The better reasoned view was expressed in In re Maria R., supra. There the court concluded that a father's sexual abuse of his female daughters was, standing alone, insufficient to establish a substantial risk of sexual abuse of their male sibling. The evidence showed that father had sexually abused his 12- and 14-year-old daughters, as well as two adult female children from a previous marriage. The Department of Children and Family Services (DCFS) sought jurisdiction over the father's eight-year-old son under section 300, subdivision (j), which applies where the child's sibling has been sexually abused and there is a "substantial risk" that the child will also be abused. (See, ante, pp. 2-3, fn. 3.) DCFS argued that "a court may conclude, in the absence of any supporting evidence, that a male child is at substantial risk of being sexually abused by a parent who has sexually abused that child's sisters." (In re Maria R., supra, 185 Cal.App.4th at p. 62.)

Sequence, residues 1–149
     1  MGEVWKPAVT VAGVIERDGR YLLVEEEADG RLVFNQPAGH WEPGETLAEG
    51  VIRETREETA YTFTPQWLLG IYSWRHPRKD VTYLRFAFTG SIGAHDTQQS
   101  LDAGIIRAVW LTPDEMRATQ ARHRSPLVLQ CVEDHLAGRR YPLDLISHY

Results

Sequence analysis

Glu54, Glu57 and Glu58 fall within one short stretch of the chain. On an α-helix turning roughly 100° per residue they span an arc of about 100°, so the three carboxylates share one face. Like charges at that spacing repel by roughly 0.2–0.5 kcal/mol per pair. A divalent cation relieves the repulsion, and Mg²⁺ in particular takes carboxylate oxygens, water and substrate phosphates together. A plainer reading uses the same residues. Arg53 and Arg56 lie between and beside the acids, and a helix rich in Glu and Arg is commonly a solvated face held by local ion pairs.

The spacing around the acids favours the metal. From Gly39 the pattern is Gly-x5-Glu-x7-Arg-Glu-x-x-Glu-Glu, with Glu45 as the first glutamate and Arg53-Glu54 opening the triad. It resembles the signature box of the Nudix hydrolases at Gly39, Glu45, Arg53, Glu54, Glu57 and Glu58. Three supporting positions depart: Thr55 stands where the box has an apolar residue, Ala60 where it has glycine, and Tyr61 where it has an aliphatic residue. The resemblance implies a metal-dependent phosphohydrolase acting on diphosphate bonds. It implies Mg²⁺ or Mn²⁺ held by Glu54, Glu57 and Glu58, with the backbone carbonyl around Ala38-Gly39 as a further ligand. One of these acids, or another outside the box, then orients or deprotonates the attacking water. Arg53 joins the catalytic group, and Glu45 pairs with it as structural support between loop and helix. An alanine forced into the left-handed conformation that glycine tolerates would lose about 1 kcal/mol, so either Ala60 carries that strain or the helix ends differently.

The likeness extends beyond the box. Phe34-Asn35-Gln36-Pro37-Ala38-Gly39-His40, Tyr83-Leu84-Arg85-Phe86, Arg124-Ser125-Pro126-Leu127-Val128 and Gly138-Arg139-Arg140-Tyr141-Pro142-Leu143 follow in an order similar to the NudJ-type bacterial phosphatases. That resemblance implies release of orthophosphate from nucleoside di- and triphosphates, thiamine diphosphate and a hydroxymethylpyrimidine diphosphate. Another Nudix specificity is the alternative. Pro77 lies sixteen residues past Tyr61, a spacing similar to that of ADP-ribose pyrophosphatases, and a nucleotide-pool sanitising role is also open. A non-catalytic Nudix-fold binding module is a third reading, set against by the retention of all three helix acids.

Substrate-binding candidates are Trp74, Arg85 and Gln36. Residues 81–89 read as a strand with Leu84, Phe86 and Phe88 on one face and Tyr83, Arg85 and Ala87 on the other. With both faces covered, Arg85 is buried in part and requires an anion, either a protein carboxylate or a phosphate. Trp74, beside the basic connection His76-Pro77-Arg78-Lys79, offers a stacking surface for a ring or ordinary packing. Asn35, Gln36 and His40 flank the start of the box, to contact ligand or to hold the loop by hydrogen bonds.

The court began its analysis by considering whether "a parent's sexual abuse of a daughter, either alone or in combination with a factor or factors that have no established correlation with sexual abuse, is sufficient to establish that the parent's son is at risk of sexual abuse by that parent within the meaning of subdivision (d)." (In re Maria R., supra, 185 Cal.App.4th at p. 63.) The court held the answer is no. The court explained that "[i]n addition to the lack of support in the relevant statutory provisions for the proposition that a brother of a girl who has been sexually abused by a parent is at risk of sexual abuse, there is a lack of evidentiary support for this general assertion in the case law as well. None of the courts that have held or impliedly concluded that a child, regardless of gender, whose sibling was sexually abused, may be found to be at risk of sexual abuse under subdivision (d), either directly or under subdivision (j), has cited any scientific authority or empirical evidence to support the conclusion that a person who sexually abuses a female child is likely to sexually abuse a male child. [Citations.] In the absence of evidence demonstrating that a perpetrator of sexual abuse of a female child is in fact likely to sexually abuse a male child, we are not persuaded that the rule of general applicability enunciated in P.A., and repeated by the Andy G. court, is grounded in fact. For this reason, we decline to adopt the reasoning of P.A. and Andy G." (In re Maria R., supra, 185 Cal.App.4th at p. 68.)